Sci-fi fans will be familiar with the novels by Frank Herbert, starting with Dune and leading onto several others – along with the later David Lynch movie and more recent TV series.
What many are less aware of is that the David Lynch film was the second attempt to make the lengthy novel into a film.
Surrealist film director, Alejandro Jodorowsky also took a run at turning the book into a film, although his version was aiming to be less a literal interpretation of the novel, and more a phycadelic vision of what the books core meaning was about.
He was a bit weird, was our Alejandro.
Anyhow, the plan for the film, however weird sounded fascinating, with a veritable whos-who of 1970s stars wanting to appear.
Among Jodorowsky’s proposed cast were Orson Welles, Mick Jagger and Salvador Dali, the last of whom was to play the Emperor of the Universe, who ruled from a golden toilet-cum-throne in the shape of two intertwined dolphins.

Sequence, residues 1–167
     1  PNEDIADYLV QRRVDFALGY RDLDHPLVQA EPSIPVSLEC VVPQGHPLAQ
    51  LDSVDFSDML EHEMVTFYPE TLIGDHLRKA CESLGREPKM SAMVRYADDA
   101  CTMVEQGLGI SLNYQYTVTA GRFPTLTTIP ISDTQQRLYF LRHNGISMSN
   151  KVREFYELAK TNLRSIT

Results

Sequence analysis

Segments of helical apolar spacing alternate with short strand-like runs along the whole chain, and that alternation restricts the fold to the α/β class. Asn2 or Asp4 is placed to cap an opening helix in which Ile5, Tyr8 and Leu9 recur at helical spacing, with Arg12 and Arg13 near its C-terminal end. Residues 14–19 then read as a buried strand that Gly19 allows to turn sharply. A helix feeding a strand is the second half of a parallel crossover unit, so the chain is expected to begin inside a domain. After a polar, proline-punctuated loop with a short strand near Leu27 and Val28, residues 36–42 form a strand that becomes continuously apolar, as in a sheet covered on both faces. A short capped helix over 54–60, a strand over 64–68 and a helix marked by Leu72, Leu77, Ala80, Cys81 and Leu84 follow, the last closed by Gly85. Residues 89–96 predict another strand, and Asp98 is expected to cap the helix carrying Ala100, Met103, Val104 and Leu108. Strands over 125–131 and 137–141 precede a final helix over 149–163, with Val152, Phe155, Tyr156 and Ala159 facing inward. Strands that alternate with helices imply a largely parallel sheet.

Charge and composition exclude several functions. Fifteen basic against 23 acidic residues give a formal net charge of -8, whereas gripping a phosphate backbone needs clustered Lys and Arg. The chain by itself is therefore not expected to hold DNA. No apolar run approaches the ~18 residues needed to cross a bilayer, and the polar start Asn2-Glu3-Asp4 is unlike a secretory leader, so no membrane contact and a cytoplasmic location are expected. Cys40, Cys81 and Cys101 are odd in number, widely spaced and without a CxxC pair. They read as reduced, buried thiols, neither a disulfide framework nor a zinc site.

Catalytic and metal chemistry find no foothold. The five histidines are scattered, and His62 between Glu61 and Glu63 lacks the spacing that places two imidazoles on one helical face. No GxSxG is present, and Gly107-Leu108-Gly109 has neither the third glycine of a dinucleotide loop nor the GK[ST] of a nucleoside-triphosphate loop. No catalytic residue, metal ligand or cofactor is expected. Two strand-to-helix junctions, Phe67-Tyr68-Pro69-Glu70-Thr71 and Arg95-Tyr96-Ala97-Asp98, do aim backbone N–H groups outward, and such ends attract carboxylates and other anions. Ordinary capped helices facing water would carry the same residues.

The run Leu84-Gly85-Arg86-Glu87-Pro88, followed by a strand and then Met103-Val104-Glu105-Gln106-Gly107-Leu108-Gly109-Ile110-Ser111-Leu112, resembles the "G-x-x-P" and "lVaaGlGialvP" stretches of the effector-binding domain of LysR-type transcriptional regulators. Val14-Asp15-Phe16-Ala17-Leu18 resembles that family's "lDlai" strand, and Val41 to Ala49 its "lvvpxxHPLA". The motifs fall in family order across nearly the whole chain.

The film got into pre-production and then foundered after he spent a couple of million dollars and delivered very little in return.
Why am I writing about this? Well, there is an exhibition in London for a few months featuring some of the early concept sketches from the film pre-production, including works by H.R. Giger – who later went on to design the stunning look of the Alien movie.
The venue, The Drawing Room is a newish facility sitting conveniently close to Regent’s Canal, behind a locked (ring the doorbell) gate.
The gallery is the typical white wall/wooden floor genre with a series of drawings dotted around the walls and a couple of sculptures in the centre.
Sadly though, the material from the original film is scarce, being 3 prints from the Giger estate and 5 prints from the concept artist, Chris Foss. Photocopies of a French language magazine article are laid out in a side room.
The rest of the display is modern work commissioned from some artists, and only one of them seemed to have taken the book as their inspiration.
For a Dune/Jodorowsky exhibition – it was sadly lacking Dune, and almost devoid of Jodorowsky.
I’d say that if you are in the vicitinty of the building, maybe out for a stroll on the Canal, then it is worth a 10 minute detour, as the drawings are undeniably very good.
I just wish there was more there about the film.